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GEORGE J.HRUZAMDMICHAEL P.HEFFERNANMDSUMMER R.YOUKERMD
A 14-year-old girl was first seen with an 8-month history of an asymptomatic “rash” on her chin and a “wart” on her right hand. At physical examination, she had several pink papules coalescing into annular and arcuate plaques on the central aspect of her chin (Figure 1). She was also noted to have a single flesh-colored verrucous papule on her right palm, which was treated with liquid nitrogen cryotherapy.
Pink papules coalescing into annular and arcuate plaques on the chin.
A biopsy of her chin was performed to rule out annular verruca plana. This biopsy specimen demonstrated narrow channels in the epidermis filled with orthokeratotic and parakeratotic cells, refractile eosinophilic elastic fibers extending into the papillary dermis, and a few neutrophils (Figure 2). An elastic stain demonstrated an increased concentration of clumped and thickened elastic fibers in the middle dermis extending to the epidermis. These findings were consistent with the clinical diagnosis of elastosis perforans serpiginosa (EPS). After careful review of the patient's medical history and medication intake and a thorough evaluation for comorbid systemic disorders, she was diagnosed as having idiopathic EPS.
Photomicrograph of the chin biopsy specimen demonstrating transepidermal refractile eosinophilic elastic fibers (hematoxylin-eosin, original magnification ×10).
Multiple therapies have been described for the treatment of EPS, but often this condition is difficult to manage. Reported treatments include liquid nitrogen cryotherapy,1 tazarotene gel,2 and isotretinoin.3 Laser resurfacing was found to be beneficial in some patients,4 and cellophane tape stripping5 is sometimes helpful. However, topical or intralesional corticosteroids2 and curettage and electrodesiccation6 are ineffective.
Our patient was promptly and successfully treated with imiquimod cream applied every night for the first 6 weeks and then 3 times weekly for 4 weeks. She reported some redness of her chin but otherwise tolerated this topical therapy. Clinical improvement was noted after 2 weeks of therapy and complete clearing after 10 weeks (Figure 3). Imiquimod therapy was discontinued, and the patient's skin remained clear 3 months later.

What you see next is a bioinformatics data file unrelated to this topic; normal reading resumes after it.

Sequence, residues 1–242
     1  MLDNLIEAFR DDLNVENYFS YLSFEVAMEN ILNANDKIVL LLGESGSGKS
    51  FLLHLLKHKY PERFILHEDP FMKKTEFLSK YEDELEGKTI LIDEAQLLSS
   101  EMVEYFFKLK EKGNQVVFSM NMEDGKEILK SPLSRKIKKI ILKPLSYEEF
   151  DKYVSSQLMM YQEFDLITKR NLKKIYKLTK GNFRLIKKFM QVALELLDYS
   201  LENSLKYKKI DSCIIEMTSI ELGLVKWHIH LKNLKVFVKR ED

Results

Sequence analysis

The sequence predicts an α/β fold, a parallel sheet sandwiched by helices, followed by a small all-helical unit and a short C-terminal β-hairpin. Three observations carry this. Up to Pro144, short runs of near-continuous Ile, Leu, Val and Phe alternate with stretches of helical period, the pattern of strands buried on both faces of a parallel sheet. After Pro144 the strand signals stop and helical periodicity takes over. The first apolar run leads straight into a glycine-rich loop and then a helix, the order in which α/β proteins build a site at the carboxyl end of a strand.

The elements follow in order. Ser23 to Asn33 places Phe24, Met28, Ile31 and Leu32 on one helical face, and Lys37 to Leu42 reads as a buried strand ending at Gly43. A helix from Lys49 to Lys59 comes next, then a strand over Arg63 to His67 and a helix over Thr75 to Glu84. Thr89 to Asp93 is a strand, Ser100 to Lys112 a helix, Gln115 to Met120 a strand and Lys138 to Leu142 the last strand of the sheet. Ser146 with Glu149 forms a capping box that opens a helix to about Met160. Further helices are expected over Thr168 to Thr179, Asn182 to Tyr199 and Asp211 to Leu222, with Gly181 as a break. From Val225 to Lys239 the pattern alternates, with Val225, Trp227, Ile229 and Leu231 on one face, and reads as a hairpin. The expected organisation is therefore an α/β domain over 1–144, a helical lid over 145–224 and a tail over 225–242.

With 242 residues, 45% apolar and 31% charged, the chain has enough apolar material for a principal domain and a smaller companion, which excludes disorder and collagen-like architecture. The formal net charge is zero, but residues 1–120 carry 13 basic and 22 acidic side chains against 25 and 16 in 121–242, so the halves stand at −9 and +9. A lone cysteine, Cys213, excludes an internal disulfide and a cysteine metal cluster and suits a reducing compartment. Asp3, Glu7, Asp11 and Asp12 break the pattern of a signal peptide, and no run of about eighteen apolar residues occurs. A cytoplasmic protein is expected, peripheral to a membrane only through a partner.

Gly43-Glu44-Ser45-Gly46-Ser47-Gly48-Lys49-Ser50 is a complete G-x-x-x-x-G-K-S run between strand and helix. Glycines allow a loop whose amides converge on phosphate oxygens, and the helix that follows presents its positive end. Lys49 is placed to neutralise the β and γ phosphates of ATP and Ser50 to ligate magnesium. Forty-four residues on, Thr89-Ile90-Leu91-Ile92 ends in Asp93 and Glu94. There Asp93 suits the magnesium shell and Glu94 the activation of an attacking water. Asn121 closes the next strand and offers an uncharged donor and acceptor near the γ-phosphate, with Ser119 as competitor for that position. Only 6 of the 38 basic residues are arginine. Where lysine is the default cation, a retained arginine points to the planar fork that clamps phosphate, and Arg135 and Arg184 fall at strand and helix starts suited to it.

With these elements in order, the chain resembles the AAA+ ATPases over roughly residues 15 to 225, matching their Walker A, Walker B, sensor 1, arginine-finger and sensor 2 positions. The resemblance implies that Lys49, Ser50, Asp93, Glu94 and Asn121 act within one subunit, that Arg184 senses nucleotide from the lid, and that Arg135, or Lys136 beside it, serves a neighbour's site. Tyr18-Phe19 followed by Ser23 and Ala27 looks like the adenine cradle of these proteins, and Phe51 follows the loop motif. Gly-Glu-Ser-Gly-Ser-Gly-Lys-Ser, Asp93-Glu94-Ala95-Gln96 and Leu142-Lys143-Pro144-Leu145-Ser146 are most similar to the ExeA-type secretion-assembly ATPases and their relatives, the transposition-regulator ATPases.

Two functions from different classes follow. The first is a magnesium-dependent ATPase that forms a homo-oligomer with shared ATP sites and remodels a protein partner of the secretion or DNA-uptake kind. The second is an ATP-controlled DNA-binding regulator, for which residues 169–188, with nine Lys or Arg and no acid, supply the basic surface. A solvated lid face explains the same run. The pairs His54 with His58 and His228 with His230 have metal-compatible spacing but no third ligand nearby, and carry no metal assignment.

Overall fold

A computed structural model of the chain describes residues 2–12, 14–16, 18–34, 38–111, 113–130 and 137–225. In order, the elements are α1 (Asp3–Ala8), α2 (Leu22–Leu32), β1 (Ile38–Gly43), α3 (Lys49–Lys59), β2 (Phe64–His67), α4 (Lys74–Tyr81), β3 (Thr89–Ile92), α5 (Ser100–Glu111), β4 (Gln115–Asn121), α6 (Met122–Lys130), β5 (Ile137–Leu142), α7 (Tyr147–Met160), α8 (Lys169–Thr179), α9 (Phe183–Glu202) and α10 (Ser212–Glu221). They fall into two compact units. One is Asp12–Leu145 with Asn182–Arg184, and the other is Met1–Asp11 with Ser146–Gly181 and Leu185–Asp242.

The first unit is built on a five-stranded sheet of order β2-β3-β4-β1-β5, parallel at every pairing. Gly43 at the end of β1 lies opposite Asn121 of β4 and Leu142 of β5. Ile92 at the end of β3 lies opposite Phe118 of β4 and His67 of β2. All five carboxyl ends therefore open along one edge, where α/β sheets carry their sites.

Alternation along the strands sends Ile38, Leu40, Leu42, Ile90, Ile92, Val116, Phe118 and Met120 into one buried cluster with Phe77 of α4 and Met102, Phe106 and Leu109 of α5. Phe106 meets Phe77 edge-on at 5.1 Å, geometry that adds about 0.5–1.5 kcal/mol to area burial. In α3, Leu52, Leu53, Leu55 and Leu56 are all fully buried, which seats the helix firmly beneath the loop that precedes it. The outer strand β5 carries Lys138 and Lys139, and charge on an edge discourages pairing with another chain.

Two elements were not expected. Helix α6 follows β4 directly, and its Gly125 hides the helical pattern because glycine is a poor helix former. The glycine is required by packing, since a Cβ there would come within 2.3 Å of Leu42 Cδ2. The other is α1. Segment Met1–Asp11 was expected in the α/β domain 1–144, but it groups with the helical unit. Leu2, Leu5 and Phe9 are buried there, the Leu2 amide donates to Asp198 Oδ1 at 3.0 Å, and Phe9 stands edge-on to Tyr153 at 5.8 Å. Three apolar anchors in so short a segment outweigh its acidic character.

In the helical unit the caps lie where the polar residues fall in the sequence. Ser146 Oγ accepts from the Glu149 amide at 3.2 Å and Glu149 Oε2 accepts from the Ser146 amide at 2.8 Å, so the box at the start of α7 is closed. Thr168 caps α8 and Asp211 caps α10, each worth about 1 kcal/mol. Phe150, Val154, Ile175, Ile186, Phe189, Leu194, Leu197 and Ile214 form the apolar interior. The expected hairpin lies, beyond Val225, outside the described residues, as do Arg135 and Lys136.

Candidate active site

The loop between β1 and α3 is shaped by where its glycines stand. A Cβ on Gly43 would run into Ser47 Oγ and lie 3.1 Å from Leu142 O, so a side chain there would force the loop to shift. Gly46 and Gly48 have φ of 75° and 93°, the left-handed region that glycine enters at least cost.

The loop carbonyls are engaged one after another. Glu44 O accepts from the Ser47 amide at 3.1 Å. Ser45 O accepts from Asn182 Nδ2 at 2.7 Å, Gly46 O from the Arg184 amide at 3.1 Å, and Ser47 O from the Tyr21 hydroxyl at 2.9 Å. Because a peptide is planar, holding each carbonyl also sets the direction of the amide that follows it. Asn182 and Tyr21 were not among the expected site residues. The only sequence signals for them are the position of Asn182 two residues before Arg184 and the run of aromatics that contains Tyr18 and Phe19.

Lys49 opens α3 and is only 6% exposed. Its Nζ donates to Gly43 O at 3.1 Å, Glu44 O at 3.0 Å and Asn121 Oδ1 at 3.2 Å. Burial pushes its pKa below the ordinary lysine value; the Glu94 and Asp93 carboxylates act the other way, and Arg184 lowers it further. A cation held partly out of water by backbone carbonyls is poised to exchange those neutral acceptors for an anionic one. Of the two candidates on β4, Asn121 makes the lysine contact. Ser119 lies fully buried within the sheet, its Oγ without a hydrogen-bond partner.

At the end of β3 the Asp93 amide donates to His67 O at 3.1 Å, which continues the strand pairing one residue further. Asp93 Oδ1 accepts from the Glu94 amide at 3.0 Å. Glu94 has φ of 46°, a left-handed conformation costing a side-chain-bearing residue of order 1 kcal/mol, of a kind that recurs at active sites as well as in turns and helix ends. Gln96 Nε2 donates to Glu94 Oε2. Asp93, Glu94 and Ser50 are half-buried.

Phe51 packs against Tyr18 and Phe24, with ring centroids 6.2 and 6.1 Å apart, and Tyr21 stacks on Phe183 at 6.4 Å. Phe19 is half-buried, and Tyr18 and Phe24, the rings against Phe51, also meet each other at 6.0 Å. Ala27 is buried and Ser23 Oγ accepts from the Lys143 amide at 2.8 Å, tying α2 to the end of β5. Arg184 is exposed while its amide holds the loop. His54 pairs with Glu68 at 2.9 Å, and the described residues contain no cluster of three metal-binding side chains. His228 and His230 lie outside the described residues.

The chin after imiquimod cream application every night for 2 weeks. Clearing of the lesions on the chin occurred after 6 weeks of daily imiquimod use followed by imiquimod administration 3 times weekly for 4 weeks.
In EPS, altered elastic fibers are recognized as foreign material and are extruded through the epidermis by transepidermal elimination. The result is a papular eruption that is usually arranged serpiginously, annularly, or arcuately. It generally occurs in young adults and shows a predilection for the head and neck. There are several etiologies of EPS: idiopathic, penicillamine-induced, and reactive EPS in patients with Down syndrome, Ehlers-Danlos syndrome, osteogenesis imperfecta, Marfan syndrome, Rothmund-Thomson syndrome, scleroderma, pseudoxanthoma elasticum, and acrogeria.
Imiquimod functions as an immune system modulator, with stimulation of the TH1 response.7,8 It up-regulates the generation of interferon α, interferon γ, and interleukin 12, among others,9,10 while inhibiting the production of interleukin 4 and interleukin 5.11 In addition, imiquimod stimulates Langerhans cell migration to lymph nodes, allowing increased antigen presentation, also contributing to modulation of the immune response.12 The mechanism of action of imiquimod in the treatment of EPS is unclear. Perhaps the transepidermal elimination in EPS is secondary to an antigenic change in the elastic fibers, and imiquimod causes a T-cell response that clears the antigen. Although not previously described, imiquimod therapy is a swift and easy way to manage EPS with minimal irritation. Randomized double-blind, placebo-controlled trials of patients with EPS treated with imiquimod would be helpful in confirming this outcome.
Clinicians, residents, and fellows are invited to submit cases of challenges in management and therapeutics to this section. Cases should follow the established pattern. Manuscripts should be prepared double-spaced with right margins nonjustified. Pages should be numbered consecutively with the title page separated from the text (see Instructions for Authors for information about preparation of the title page). Clinical photographs, photomicrographs, and illustrations must be sharply focused and submitted as separate JPG files with each file numbered with the figure number. Material must be accompanied by the required copyright transfer statement (see Instructions for Authors). Preliminary inquiries regarding submissions for this feature may be submitted to George J. Hruza, MD (firstname.lastname@example.org). Manuscripts should be submitted via our online manuscript submission and review system (http://manuscripts.archdermatol.com).
Correspondence: Susan C. Kelly, DO, Department of Dermatology, Dartmouth-Hitchcock, 590 Court St, Keene, NH 03431 (Susan.C.Kelly@Hitchcock.ORG).
Financial Disclosure: None reported.
Accepted for Publication: June 16, 2005.
Author Contributions:Study concept and design: Kelly. Acquisition of data: Kelly and Purcell. Analysis and interpretation of data: Kelly. Drafting of the manuscript: Kelly. Critical revision of the manuscript for important intellectual content: Purcell. Administrative, technical, and material support: Kelly. Study supervision: Purcell.
Kelly SC, Purcell SM. Imiquimod Therapy for Elastosis Perforans Serpiginosa. Arch Dermatol. 2006;142(7):829–830. doi:10.1001/archderm.142.7.829
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